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10 Steps to Overcoming Frustration

shutterstock_327877394Frustration. It happens to everyone at one time or another. It can make you angry, feel anxious, and be very overwhelming.

When you’re frustrated, it can feel like nothing is under your control and everything is chaos. It’s hard to know where to begin. When you’re flooded with emotion, it’s difficult to think straight.

How do you calm down and begin to tame those feelings when they come up? Where do you begin?

Here are ten steps to help you manage your frustration in a productive and enriching manner. Believe it or not, frustration can teach you a lot about your problem and when it’s dealt with, it can help you can you gain the skills for managing other intense feelings.

Remember, like all feelings or emotions, frustration isn’t bad. It’s a strong emotion that can serve as a red flag that something needs attention and tending to. This feeling can encompass and contain other strong emotions as well. Some of these feelings are anger, anxiety, confusion, discouragement, and feeling defeated.

Here are 10 steps:

  1. Calm down. This will help stop your mind from racing, which is something that happens at the start of an anxiety producing situation. There are several ways to do this. One is to work on your breathing. Take five deep breaths. Slowly breathe air in through your nose, hold it for five seconds, and then exhale slowly through your mouth. Another way to calm down is to close your eyes and focus on a place that relaxes you, such as a beach or a forest.
  2. Clear your mind. Everyone does this differently. Some people stand and stretch. Others pet an animal, or step outside for a moment. There are many more examples you can try. Find one or two that work best for you. What’s important is that it’s something that you can focus on for a couple of minutes that is not what’s bothering you. Clearing your mind is taking a quick mental break.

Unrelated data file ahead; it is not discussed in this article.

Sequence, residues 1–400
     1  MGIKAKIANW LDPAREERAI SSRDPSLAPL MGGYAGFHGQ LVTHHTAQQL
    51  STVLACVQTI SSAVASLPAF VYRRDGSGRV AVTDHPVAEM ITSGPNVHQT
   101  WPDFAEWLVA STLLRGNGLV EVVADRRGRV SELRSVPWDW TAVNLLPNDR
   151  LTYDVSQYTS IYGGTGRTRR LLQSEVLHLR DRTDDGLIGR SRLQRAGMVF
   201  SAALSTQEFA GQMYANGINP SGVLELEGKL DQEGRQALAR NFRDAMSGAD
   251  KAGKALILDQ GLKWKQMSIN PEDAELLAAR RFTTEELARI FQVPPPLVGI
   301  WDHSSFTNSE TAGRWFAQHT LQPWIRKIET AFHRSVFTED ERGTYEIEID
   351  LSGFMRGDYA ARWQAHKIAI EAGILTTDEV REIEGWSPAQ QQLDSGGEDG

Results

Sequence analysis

3. Come back to your problem or stressor, but this time do it in a calm manner. Look at it in a new way. Imagine how a friend would see it if they just came across it. Try to see it differently.
  4. Describe the problem in one sentence. For example, “I’m frustrated that I spilled coffee on my paper and I am not going to have time to print off a clean copy.”
  5. Define why this frustrating thing concerns or worries you.  It could be something simple like “I’m worried I’m going to be late again to work” or as complex as “My marriage is falling apart and I’m afraid our relationship will end in divorce.”
  6. Think through realistic options. It could be making a phone call, agreeing to begin therapy, start walking with a friend.
  7. Make a decision, and stick to it. If you waffle back and forth, you’ll fall back into frustration again. This is one of the most difficult steps and one of the most important steps.
  8. Act on your decision. Once you’ve made the commitment to decide on a way to reduce your frustrating situation, take action.
  9. Get it out of your mind. Don’t spend any time or energy thinking through it. It’s done and whatever will happen will happen.
  10. Allow yourself to enjoy being done with what was frustrating you. Think about what you want to do now that the stress is gone.

Frustration happens to everyone. The key to managing it is to understand your feelings and emotions before they get out of control and you lose the ability to think clearly.

You can’t avoid frustration in life, but you can learn to effectively manage it in the beginning. Like so many other things, managing feelings of frustration may not be easy at times, but it is definitely worth it in the end.

10 Steps to Overcoming Frustration

Jenise Harmon, MSW, LISW-S

Jenise Harmon, LISW-S, is a psychotherapist with a private practice in Columbus, Ohio. She works with individuals and couples, and specializes in relationship counseling. She's now offering online counseling for residents of Ohio. Stay Connected . Follow her on twitter; and connect with her on Facebook.

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APA Reference
Harmon, J. (2016). 10 Steps to Overcoming Frustration. Psych Central. Retrieved on October 29, 2020, from


Last updated: 9 May 2016
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